Garnet ghost town is an interesting example of what a private, non-profit, preservation association can accomplish. Garnet was established as a gold mining town in the 1890s. Its population briefly reached a little over a thousand around 1898 and then quickly declined in the 20th century. After a revival in the 1930s, Garnet's population dwindled to nothing by the 1950s. Efforts to preserve the townsite, which is on BLM land, began in the 1970s and have grown into one of the most impressive NGO preservation projects I've seen. The Garnet Preservation Association has stabilized and preserved all of the remaining dozens of buildings in Garnet. Walking trails and interpretive signs guide visitors around the site in a mostly unobtrusive way. I appreciated the fact that parking is separated from the townsite by a hundred or so yards of forest. The BLM charges $3 (self-pay envelope) for entrance. There is a visitor center and small giftshop open from 9 to 5 in the town. No visitors are allowed after dark.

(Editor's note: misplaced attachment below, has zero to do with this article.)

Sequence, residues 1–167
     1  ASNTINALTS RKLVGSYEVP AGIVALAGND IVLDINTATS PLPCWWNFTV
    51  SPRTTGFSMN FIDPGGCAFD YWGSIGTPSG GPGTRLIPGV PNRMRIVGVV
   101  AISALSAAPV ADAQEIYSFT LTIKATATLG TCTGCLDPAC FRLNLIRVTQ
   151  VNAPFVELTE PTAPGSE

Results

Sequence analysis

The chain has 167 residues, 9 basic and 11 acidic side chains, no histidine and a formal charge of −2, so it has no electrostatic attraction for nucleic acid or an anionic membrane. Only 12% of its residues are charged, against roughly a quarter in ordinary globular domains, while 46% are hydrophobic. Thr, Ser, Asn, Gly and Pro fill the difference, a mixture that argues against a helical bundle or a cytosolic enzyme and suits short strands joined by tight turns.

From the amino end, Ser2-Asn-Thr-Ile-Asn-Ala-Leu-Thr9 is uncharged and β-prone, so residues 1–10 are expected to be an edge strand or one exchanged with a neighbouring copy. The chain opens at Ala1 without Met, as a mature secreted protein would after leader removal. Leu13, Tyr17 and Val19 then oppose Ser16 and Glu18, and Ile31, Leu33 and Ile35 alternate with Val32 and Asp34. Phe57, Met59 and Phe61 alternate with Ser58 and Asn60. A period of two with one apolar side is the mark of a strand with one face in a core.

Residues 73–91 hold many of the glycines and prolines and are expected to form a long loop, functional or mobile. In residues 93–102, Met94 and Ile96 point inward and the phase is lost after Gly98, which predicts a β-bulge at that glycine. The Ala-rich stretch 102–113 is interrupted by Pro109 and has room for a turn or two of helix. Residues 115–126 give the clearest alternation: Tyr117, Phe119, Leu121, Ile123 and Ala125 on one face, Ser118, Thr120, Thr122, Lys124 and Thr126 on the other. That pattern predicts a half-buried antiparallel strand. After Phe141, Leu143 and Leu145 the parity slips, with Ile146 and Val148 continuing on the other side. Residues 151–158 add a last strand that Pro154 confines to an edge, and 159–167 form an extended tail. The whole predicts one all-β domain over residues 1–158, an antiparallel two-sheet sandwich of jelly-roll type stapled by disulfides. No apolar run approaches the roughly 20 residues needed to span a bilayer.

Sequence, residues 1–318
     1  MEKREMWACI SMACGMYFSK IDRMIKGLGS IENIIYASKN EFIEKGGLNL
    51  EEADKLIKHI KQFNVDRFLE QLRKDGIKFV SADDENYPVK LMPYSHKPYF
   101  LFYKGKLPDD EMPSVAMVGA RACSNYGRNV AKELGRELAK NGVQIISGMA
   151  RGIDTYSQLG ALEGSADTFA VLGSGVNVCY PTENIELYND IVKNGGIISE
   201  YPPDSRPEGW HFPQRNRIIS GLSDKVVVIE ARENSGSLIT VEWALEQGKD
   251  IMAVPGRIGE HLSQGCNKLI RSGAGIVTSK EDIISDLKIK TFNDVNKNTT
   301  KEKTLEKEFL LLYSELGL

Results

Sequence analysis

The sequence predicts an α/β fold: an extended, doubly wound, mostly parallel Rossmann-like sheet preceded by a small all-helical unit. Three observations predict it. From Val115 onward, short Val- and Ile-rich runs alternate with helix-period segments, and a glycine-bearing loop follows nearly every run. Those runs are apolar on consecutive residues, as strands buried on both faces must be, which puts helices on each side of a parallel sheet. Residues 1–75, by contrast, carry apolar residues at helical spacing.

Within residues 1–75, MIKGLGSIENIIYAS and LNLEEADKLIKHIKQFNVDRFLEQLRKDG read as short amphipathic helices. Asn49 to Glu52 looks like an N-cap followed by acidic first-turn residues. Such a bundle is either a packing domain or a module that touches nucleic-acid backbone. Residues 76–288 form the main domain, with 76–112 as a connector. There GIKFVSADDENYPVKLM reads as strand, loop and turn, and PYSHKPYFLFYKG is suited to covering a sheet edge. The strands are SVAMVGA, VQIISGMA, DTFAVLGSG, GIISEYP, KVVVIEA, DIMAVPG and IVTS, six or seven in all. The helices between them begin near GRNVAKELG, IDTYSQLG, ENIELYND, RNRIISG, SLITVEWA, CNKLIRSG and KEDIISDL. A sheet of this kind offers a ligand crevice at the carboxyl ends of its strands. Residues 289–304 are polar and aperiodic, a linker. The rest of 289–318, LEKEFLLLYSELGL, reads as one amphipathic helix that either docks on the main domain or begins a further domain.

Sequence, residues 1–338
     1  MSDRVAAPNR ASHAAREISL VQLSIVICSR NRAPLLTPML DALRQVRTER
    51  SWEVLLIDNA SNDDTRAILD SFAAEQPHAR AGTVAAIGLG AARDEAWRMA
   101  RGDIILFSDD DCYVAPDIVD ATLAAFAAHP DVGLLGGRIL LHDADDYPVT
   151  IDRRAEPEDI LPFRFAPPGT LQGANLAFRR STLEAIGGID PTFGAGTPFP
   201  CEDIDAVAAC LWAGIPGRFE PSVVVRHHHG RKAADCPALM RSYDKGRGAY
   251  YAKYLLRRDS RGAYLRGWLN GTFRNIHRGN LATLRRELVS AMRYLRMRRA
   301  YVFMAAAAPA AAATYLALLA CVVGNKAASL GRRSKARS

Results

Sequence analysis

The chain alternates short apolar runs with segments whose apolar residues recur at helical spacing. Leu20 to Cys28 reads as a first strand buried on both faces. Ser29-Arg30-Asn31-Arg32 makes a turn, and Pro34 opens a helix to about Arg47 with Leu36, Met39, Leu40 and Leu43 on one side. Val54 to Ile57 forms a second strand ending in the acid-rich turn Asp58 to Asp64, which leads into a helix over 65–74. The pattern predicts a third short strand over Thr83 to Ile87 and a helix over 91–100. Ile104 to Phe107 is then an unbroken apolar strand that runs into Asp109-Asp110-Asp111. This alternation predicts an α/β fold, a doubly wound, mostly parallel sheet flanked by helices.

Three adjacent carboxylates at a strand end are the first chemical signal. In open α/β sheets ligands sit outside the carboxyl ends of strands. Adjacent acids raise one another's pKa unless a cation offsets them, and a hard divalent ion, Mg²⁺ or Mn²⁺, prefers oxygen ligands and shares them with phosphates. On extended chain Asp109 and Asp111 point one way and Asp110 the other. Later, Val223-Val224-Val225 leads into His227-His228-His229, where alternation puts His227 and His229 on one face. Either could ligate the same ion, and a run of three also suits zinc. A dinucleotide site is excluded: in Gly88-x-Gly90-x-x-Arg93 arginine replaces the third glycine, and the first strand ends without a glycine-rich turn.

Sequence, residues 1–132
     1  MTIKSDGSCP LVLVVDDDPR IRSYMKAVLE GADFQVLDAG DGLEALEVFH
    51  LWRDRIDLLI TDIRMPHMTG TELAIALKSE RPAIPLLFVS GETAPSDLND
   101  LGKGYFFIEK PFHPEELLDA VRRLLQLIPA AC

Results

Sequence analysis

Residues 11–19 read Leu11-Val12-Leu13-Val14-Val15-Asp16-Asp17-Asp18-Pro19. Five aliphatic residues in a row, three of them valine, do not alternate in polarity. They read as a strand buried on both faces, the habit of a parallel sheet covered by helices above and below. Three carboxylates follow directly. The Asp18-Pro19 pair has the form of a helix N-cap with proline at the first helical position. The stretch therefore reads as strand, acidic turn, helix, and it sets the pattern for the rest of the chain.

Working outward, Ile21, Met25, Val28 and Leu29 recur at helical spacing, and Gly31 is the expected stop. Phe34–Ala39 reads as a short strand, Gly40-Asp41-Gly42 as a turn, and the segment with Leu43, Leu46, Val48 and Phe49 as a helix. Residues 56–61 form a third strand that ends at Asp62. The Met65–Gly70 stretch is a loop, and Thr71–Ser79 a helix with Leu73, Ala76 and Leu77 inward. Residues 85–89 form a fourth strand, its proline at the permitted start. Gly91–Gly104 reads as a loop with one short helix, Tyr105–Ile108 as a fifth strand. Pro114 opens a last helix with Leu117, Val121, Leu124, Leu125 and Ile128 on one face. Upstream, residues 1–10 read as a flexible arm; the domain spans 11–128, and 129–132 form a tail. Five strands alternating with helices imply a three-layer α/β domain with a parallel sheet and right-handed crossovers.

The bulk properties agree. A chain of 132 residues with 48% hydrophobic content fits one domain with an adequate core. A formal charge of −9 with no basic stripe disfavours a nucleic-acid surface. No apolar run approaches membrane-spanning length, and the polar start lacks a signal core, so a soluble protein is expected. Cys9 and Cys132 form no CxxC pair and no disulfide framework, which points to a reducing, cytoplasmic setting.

There is a volunteer caretaker living on site in an RV. No camping is allowed within a half a mile of Garnet but camping on public land is allowed in the surrounding area. Unfortunately there are no developed or primitive campgrounds nor are there many good places to pull off of the road near Garnet. Garnet can be accessed from either Interstate 90 or highway 200. I took the 10 mile gravel road from highway 200 after reading that the road from 90 was rough. The gravel road from 200 is wide, well maintained and never very steep. There are signs marking the way from highway 200.
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